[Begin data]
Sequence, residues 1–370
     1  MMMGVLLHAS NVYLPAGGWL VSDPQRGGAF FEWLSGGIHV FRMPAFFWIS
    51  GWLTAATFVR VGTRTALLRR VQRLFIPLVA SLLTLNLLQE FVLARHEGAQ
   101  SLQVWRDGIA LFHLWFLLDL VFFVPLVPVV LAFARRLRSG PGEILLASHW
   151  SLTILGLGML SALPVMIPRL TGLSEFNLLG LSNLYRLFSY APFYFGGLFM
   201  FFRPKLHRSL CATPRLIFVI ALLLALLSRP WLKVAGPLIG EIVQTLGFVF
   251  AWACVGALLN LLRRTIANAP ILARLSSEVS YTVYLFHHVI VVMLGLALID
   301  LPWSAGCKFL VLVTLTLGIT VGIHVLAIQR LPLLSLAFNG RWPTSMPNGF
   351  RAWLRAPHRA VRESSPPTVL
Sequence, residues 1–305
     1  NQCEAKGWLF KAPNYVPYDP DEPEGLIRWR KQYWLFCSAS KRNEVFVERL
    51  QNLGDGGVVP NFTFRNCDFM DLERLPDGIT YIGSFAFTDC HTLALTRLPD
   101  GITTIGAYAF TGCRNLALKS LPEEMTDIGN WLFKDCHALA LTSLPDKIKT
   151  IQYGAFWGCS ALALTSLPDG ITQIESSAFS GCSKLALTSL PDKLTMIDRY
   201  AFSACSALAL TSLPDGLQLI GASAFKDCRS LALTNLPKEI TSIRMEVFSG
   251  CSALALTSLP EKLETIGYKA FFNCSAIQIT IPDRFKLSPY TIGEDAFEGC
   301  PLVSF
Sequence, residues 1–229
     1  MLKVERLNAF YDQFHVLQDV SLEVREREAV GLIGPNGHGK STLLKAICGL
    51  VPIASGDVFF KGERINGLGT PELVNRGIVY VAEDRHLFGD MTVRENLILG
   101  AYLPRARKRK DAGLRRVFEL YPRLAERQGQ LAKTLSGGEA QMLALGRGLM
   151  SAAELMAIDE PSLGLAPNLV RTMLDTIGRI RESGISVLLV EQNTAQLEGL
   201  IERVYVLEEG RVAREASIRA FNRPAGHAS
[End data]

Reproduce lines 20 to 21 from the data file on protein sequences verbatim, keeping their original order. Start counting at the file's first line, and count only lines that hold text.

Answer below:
    51  VPIASGDVFF KGERINGLGT PELVNRGIVY VAEDRHLFGD MTVRENLILG
   101  AYLPRARKRK DAGLRRVFEL YPRLAERQGQ LAKTLSGGEA QMLALGRGLM